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Public Order Act deemed 'Unconstitutional' by Nigerian Appeals Court

By Can Tran     Dec 12, 2007 in World
Currently, the appeals court in Nigeria had deemed a law requiring every organizer of a rally to have a special police permit as ‘unconstitutional.’ Police say that the law helped maintain peace.
This law that was declared unconstitutional by the appeals court was challenged after police used tear gas to disperse at an opposition rally back in 2003 in the northern state of Kano. According to BBC, the police would adjust its procedures from what the police spokesman had said.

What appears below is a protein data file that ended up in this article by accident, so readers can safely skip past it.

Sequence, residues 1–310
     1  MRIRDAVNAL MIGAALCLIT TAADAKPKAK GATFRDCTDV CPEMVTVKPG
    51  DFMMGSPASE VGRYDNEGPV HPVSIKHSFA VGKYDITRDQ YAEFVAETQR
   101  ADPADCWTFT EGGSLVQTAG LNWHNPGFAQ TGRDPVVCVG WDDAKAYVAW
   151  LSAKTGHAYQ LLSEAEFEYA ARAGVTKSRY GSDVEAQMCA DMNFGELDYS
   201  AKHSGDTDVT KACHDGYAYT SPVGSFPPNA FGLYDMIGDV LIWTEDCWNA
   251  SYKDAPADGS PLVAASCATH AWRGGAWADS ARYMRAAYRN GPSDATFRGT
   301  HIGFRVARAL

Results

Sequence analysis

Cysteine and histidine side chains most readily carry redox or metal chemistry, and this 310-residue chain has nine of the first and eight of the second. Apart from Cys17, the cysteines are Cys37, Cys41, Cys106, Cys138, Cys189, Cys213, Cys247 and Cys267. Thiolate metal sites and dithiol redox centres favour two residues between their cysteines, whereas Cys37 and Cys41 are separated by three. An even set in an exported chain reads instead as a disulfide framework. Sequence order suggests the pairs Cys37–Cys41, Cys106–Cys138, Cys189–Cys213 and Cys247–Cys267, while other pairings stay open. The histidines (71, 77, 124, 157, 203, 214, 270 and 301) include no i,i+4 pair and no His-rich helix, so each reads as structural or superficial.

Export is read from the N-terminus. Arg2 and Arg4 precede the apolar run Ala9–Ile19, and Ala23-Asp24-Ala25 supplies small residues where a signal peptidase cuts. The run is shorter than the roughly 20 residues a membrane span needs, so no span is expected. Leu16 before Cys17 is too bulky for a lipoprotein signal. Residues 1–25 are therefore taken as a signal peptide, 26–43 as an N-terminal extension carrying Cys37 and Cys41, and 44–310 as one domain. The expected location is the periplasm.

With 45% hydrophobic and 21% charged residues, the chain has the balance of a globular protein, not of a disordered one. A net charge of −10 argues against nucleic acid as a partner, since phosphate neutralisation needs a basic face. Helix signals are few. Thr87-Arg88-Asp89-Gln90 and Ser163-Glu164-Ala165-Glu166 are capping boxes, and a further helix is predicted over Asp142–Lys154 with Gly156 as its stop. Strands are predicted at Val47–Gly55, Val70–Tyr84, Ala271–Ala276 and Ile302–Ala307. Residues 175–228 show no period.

But the spokesman has denied the allegations of authorities using the law to suppress activities of the opposition.
So far, one of the opposition coalitions, the Conference of Nigerian Political Parties has challenged the Public Order Act. They said it was used by impunity to stifle the opposition. This group was formed when Olusegun Obasanjo was president of Nigeria.
However, in the law’s defense, Assistant Commissioner of Police Agborebi Akpoyedi said it helped police keep peace. This goes especially when opposing political groups held rallies at the same time.
Six people were killed last month in clashes in Kano. Those clashes were linked to the local elections.
More about Nigeria, Africa, Kano